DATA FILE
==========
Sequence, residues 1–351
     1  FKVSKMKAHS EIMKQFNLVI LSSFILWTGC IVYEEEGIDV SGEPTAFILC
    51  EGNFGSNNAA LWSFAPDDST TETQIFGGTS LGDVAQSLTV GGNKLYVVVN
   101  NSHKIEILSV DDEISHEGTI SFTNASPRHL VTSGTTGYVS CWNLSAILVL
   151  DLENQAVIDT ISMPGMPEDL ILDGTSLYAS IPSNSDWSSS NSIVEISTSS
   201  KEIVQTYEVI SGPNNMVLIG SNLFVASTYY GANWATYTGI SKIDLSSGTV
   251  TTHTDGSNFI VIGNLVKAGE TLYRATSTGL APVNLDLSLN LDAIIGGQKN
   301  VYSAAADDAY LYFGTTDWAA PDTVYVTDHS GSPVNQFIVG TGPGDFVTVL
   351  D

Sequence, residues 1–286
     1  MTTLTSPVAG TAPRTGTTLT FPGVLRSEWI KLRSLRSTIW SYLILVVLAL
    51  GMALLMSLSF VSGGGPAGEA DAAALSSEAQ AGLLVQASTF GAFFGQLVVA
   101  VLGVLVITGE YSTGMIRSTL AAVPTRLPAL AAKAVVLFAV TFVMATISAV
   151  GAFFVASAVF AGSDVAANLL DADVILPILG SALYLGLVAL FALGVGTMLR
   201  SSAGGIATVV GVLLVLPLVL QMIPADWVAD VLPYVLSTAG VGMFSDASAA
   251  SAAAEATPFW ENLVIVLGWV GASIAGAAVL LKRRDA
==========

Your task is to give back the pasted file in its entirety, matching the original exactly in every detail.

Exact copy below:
Sequence, residues 1–351
     1  FKVSKMKAHS EIMKQFNLVI LSSFILWTGC IVYEEEGIDV SGEPTAFILC
    51  EGNFGSNNAA LWSFAPDDST TETQIFGGTS LGDVAQSLTV GGNKLYVVVN
   101  NSHKIEILSV DDEISHEGTI SFTNASPRHL VTSGTTGYVS CWNLSAILVL
   151  DLENQAVIDT ISMPGMPEDL ILDGTSLYAS IPSNSDWSSS NSIVEISTSS
   201  KEIVQTYEVI SGPNNMVLIG SNLFVASTYY GANWATYTGI SKIDLSSGTV
   251  TTHTDGSNFI VIGNLVKAGE TLYRATSTGL APVNLDLSLN LDAIIGGQKN
   301  VYSAAADDAY LYFGTTDWAA PDTVYVTDHS GSPVNQFIVG TGPGDFVTVL
   351  D

Sequence, residues 1–286
     1  MTTLTSPVAG TAPRTGTTLT FPGVLRSEWI KLRSLRSTIW SYLILVVLAL
    51  GMALLMSLSF VSGGGPAGEA DAAALSSEAQ AGLLVQASTF GAFFGQLVVA
   101  VLGVLVITGE YSTGMIRSTL AAVPTRLPAL AAKAVVLFAV TFVMATISAV
   151  GAFFVASAVF AGSDVAANLL DADVILPILG SALYLGLVAL FALGVGTMLR
   201  SSAGGIATVV GVLLVLPLVL QMIPADWVAD VLPYVLSTAG VGMFSDASAA
   251  SAAAEATPFW ENLVIVLGWV GASIAGAAVL LKRRDA